Skip to main content

Timor-Leste country strategic plan (2023–2025)

Operation ID: TL02

CSP approved at EB November 2022.

Since the restoration of its independence in 2002 Timor-Leste has made significant progress, demonstrating a strong commitment to reconciliation, reconstruction, human rights and democracy. Twenty years on, with a continuing decline in oil and gas revenue, it is critical for Timor-Leste to invest in accelerating socioeconomic development.

Timor-Leste is a least-developed country and a small island developing State with a population of 1.3 million people. Its multidimensional poverty rate is 45.8 percent, the highest in Southeast Asia, with women, people with disabilities and communities in remote rural areas at greatest risk of multidimensional poverty.

An Integrated Food Security Phase Classification analysis published in 2019 found that only 25 percent of the population was food secure. A 2019 “fill the nutrient gap” study found that almost all households could afford a diet meeting their energy requirements but a nutritious diet was unaffordable for most households. Timor-Leste is a food-deficit country, importing 60 percent of its food requirements, and agricultural productivity is low.

Malnutrition is a serious concern. The prevalence of stunting in children under 5 is 47.1 percent, among the highest in the world. Communities in Timor-Leste face various forms of malnutrition, including undernutrition, micronutrient deficiencies and, increasingly, obesity and overweight.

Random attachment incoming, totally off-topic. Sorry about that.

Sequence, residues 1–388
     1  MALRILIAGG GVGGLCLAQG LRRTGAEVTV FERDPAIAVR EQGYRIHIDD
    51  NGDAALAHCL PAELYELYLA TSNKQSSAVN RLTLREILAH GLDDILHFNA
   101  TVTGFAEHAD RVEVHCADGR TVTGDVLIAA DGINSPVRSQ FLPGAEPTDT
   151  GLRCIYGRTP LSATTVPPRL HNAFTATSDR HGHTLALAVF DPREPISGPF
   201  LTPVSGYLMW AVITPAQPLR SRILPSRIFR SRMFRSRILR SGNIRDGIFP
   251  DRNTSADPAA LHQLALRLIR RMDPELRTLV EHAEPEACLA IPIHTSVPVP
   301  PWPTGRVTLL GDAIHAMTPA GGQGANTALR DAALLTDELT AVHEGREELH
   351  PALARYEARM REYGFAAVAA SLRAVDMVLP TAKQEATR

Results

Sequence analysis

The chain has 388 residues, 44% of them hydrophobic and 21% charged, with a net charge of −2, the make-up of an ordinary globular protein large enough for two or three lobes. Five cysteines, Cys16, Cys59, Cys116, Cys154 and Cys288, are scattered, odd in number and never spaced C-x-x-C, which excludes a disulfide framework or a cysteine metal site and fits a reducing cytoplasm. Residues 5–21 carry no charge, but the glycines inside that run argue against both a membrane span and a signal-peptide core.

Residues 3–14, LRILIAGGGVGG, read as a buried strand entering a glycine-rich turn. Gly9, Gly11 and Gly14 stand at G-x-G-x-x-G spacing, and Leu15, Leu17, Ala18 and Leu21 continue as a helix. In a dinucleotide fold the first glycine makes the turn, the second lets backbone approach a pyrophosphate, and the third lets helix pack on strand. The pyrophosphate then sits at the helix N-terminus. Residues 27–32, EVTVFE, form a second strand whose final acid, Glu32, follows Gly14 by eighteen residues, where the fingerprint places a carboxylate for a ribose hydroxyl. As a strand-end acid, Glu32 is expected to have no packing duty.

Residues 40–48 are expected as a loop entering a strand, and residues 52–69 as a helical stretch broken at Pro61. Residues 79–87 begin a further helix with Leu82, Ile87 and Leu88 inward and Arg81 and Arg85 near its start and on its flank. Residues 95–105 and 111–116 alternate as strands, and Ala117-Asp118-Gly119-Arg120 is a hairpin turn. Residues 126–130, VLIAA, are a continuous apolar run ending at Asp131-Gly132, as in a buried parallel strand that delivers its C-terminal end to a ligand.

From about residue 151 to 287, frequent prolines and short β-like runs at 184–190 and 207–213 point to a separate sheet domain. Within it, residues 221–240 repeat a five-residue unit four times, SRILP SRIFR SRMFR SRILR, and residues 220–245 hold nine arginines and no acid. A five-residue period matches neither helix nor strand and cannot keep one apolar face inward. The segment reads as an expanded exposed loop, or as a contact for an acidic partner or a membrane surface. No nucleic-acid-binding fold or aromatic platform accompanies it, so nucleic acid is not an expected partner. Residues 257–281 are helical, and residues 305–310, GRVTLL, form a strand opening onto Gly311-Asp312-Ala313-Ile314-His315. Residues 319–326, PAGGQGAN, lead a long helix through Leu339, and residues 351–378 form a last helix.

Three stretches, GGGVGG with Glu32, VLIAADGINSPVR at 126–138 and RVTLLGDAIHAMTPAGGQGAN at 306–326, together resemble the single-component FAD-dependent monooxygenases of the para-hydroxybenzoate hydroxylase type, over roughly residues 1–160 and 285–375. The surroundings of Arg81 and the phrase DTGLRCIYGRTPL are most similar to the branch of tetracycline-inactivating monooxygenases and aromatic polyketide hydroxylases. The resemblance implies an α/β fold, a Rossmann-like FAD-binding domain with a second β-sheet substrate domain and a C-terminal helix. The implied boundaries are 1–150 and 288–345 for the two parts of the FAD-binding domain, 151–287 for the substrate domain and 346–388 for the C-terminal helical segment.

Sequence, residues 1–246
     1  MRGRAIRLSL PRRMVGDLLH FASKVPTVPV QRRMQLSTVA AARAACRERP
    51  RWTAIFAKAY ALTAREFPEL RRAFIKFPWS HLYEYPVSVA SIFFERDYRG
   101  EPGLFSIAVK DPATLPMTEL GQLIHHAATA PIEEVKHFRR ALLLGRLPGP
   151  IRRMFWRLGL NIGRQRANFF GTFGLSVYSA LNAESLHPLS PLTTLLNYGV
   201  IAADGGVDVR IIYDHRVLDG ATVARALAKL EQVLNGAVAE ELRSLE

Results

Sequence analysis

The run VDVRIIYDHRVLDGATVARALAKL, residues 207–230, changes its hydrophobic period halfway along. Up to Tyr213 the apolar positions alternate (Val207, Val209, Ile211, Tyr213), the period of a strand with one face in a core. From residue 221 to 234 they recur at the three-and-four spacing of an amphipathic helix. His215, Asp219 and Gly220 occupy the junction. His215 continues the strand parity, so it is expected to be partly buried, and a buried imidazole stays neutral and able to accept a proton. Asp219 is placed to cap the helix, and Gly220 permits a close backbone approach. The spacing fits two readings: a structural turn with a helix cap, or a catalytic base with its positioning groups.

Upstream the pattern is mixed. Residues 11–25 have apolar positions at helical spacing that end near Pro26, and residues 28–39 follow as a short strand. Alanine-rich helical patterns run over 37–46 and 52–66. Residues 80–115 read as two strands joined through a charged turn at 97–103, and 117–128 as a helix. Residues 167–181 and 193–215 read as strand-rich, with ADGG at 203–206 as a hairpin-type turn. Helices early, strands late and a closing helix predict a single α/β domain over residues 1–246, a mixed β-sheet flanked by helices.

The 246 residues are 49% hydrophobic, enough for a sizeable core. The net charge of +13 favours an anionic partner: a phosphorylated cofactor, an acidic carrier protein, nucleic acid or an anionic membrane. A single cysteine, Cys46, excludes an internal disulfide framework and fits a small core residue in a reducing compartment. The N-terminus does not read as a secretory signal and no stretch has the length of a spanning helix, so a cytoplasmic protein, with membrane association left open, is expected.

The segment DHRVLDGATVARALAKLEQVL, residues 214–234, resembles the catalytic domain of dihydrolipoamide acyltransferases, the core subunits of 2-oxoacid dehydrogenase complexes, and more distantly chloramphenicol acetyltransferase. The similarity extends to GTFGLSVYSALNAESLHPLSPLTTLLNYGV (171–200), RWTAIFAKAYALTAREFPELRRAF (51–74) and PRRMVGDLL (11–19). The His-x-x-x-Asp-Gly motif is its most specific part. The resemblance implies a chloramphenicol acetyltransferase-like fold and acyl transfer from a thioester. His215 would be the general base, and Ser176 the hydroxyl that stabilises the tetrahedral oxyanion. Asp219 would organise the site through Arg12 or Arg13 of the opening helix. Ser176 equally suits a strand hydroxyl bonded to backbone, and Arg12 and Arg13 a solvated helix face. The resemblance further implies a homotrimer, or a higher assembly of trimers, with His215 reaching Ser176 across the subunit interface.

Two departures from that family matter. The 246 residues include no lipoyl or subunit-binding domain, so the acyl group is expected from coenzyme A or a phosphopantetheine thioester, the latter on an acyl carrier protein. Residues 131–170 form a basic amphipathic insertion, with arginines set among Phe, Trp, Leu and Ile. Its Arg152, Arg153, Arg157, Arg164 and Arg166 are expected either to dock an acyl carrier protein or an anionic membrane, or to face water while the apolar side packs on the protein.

Significant challenges face the building of a sustainable, diversified economy. Climate change and disaster risks pose significant threats to the future development of the non-oil economy, which is primarily agrarian. Gross domestic product contracted by 8.6 percent in 2020, the largest decline since independence, as a result of the coronavirus disease 2019 pandemic and exacerbating the underlying challenges in the economy.

WFP will support the Government’s ambitions for zero hunger through capacity strengthening. Complementing national and bilateral investments, WFP’s comparative advantage in Timor-Leste is its ability to strengthen the delivery of national programmes related to food security, nutrition and disaster risk reduction in partnership with other actors.

This country strategic plan is aligned with the United Nations sustainable development cooperation framework for Timor-Leste for 2021–2025 and the Government’s Strategic Development Plan for 2011–2030. Its formulation was informed by the findings from an independent evaluation of the country strategic plan for 2018–2022. It will contribute to strategic outcomes 1, 2 and 4 of the WFP strategic plan for 2022–2025 and Sustainable Development Goals 2 and 17 through the following three country strategic plan outcomes:

➢ Outcome 1: Crisis-affected populations in Timor-Leste have equitable access to adequate nutritious foods that meet their basic nutritional needs during and in the aftermath of shocks.

➢ Outcome 2: People vulnerable to nutrition insecurity, in particular women, adolescent girls and school-age children, in Timor-Leste have equitable access to enhanced nutrition-sensitive programmes that promote and enable healthy diets by 2025.

➢ Outcome 3: People vulnerable to shocks in Timor-Leste benefit from enhanced national capacity for disaster preparedness and response and supply chain management by 2025.

Outcome 1 represents a contingency plan for crisis response that will be activated only if needed. Outcome 2 focuses on WFP’s contribution to the achievement of the consolidated national action plan for nutrition and food security, with particular attention directed to nutrition outcomes for women, adolescent girls and school-age children. Outcome 3 encompasses WFP’s contribution to capacity strengthening for national supply chains and emergency preparedness and response.

WFP will achieve these outcomes in partnership with the Government of Timor-Leste at the national and municipal levels, United Nations partners, including the other Rome-based agencies, research partners, civil society and community-based organizations, donors and the private sector.